Last week, I wrote an article that appeared in the online magazine spiked arguing that Australian pop singer Sia is free to cast whomever she wants in Music, her film about an autistic protagonist. This controversy erupted almost two weeks ago when Sia released a trailer for the movie. The #ActuallyAutistic crew on Twitter had a lot of complaints…
Three or four years ago, I got called out for something I said about rap music: that I didn’t like it and that many musicians’ names started with “Lil” and were thus hard to tell apart.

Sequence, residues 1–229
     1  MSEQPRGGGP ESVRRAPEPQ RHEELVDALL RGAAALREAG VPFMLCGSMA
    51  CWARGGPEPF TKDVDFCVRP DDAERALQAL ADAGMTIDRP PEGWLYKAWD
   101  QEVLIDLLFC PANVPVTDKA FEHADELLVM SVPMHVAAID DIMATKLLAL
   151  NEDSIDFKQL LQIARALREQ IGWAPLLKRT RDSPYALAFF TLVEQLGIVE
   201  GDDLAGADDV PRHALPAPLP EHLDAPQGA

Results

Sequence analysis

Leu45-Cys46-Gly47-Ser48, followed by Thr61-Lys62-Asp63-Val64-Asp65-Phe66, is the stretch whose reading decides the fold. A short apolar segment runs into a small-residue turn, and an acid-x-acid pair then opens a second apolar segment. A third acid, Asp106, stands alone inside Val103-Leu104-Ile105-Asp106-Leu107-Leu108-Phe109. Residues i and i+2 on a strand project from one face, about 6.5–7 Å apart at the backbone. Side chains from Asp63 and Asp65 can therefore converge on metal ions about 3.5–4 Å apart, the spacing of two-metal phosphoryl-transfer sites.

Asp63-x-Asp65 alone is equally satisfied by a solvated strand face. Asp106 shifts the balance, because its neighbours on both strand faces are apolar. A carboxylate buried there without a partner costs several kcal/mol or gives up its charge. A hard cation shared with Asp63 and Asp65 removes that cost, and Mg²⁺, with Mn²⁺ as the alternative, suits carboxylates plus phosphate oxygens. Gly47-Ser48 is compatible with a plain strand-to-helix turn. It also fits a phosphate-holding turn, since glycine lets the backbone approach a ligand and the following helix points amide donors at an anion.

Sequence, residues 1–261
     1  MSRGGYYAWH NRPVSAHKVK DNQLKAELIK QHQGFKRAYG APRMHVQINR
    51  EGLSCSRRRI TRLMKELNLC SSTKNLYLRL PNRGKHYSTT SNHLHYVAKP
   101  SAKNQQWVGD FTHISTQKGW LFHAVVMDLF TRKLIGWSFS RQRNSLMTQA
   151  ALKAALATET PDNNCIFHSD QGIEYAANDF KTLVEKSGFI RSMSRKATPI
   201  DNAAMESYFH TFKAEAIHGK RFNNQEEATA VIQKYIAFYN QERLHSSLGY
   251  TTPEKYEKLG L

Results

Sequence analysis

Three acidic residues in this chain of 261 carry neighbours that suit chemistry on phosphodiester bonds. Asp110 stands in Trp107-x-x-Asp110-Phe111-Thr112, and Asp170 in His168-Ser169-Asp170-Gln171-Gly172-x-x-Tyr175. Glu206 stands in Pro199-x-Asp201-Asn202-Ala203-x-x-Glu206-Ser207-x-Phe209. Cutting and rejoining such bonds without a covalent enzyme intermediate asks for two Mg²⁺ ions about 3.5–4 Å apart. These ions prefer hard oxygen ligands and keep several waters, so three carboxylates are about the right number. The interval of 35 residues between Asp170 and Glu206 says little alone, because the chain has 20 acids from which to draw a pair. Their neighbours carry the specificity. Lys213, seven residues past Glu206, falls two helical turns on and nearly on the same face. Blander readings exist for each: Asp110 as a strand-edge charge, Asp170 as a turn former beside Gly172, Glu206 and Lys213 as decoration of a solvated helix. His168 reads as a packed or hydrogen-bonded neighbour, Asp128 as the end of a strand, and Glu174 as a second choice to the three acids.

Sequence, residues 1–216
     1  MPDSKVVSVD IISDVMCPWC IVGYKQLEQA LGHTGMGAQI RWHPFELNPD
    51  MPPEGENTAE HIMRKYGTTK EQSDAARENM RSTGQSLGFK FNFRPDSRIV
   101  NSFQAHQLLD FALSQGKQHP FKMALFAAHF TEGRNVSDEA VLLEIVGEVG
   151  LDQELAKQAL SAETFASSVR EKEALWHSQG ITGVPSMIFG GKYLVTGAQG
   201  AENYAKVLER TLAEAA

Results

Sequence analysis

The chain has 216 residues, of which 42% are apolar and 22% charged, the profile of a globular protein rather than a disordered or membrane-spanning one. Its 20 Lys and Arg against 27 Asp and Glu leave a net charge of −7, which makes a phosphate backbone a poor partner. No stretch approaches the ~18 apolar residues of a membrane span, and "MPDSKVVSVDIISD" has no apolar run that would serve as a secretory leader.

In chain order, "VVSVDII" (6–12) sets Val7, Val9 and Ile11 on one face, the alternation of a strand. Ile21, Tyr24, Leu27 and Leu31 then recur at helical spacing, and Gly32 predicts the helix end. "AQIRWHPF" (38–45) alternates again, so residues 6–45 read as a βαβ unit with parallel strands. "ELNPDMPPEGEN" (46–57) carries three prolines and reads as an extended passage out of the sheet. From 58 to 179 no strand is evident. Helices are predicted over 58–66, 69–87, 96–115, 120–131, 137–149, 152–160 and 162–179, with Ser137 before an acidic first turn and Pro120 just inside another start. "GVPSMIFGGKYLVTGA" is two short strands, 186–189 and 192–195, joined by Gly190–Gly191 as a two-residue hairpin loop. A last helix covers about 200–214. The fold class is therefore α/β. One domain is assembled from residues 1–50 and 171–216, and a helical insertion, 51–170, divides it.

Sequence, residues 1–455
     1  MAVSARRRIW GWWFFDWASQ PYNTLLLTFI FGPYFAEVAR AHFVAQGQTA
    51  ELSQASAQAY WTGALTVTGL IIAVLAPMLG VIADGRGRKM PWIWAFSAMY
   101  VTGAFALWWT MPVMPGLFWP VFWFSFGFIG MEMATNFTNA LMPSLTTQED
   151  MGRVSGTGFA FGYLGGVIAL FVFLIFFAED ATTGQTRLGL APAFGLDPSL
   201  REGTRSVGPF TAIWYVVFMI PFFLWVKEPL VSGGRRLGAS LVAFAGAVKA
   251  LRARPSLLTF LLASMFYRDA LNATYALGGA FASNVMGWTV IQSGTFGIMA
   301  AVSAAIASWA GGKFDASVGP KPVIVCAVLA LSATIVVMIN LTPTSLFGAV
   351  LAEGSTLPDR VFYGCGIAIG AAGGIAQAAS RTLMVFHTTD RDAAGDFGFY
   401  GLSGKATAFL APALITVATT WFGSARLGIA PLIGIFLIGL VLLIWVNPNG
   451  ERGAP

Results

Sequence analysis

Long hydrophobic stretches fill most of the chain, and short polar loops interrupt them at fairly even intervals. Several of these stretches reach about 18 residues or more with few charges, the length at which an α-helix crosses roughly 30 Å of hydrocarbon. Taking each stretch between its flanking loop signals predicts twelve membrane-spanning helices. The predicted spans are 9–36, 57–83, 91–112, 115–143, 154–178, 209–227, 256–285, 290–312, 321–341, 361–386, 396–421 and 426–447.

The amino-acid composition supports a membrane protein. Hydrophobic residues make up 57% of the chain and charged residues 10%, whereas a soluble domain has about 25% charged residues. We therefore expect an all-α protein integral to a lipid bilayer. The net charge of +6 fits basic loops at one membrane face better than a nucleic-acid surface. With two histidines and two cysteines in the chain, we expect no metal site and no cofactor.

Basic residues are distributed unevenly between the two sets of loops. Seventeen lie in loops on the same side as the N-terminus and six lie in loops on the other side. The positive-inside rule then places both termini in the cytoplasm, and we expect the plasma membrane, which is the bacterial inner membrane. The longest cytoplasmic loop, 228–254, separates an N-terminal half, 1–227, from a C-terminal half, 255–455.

“Called out” is a gentle way to put it. “Viciously attacked” would be a more accurate description.
It was a group conversation. Someone had brought up rap. I said I didn’t like rap. The caller-out asked me a question. In retrospect, they were probably eager for me to say what I said, to have the chance to pounce.
Everyday Feminism’s articles follow a predictable set of formulas. They’re all essentially reaffirmations of positions the website espouses: center the marginalized voices, everything is critical theory, we live in a racist sexist ableist classist cissexist adultist dystopia, science is oppressive. I don’t think it would take a particularly sophisticated algorithm to keep producing this sort of content, because it’s incredibly trite and predictable. Most titles include a number; a buzzword; and a stock photo that probably wasn’t intended to be hilarious, which only makes it more hilarious.